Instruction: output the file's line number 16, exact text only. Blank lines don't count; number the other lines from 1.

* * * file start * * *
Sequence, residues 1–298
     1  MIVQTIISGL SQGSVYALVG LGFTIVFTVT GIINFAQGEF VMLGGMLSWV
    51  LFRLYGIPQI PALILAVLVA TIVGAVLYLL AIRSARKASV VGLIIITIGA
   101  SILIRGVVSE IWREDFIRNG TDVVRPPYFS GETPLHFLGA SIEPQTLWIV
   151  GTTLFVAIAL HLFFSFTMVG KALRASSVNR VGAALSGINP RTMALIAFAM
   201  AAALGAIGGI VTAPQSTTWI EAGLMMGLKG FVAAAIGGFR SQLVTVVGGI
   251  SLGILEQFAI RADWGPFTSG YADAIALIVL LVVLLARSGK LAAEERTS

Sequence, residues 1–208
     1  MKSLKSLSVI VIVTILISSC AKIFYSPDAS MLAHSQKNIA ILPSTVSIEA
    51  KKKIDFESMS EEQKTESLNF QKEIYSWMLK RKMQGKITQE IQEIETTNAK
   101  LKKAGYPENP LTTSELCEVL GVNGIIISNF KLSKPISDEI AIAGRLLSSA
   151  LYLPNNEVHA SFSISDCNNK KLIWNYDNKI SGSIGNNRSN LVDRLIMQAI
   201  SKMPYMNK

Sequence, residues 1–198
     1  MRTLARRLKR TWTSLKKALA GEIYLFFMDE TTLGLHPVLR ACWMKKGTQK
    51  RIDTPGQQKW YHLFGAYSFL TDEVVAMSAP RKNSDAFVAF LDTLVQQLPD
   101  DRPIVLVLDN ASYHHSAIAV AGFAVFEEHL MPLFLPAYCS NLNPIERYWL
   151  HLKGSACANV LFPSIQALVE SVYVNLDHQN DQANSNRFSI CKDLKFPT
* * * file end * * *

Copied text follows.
    51  RIDTPGQQKW YHLFGAYSFL TDEVVAMSAP RKNSDAFVAF LDTLVQQLPD